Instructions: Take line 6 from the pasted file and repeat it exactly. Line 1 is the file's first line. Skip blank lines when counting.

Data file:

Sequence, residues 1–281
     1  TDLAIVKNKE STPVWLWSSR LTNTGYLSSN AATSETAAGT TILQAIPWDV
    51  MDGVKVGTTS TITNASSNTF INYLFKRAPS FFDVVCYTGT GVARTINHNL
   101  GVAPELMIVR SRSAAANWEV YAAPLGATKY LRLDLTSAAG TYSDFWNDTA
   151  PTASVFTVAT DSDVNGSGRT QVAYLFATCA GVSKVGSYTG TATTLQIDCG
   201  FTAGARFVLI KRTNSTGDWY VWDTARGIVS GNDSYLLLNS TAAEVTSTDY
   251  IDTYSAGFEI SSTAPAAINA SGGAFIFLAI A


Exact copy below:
   201  FTAGARFVLI KRTNSTGDWY VWDTARGIVS GNDSYLLLNS TAAEVTSTDY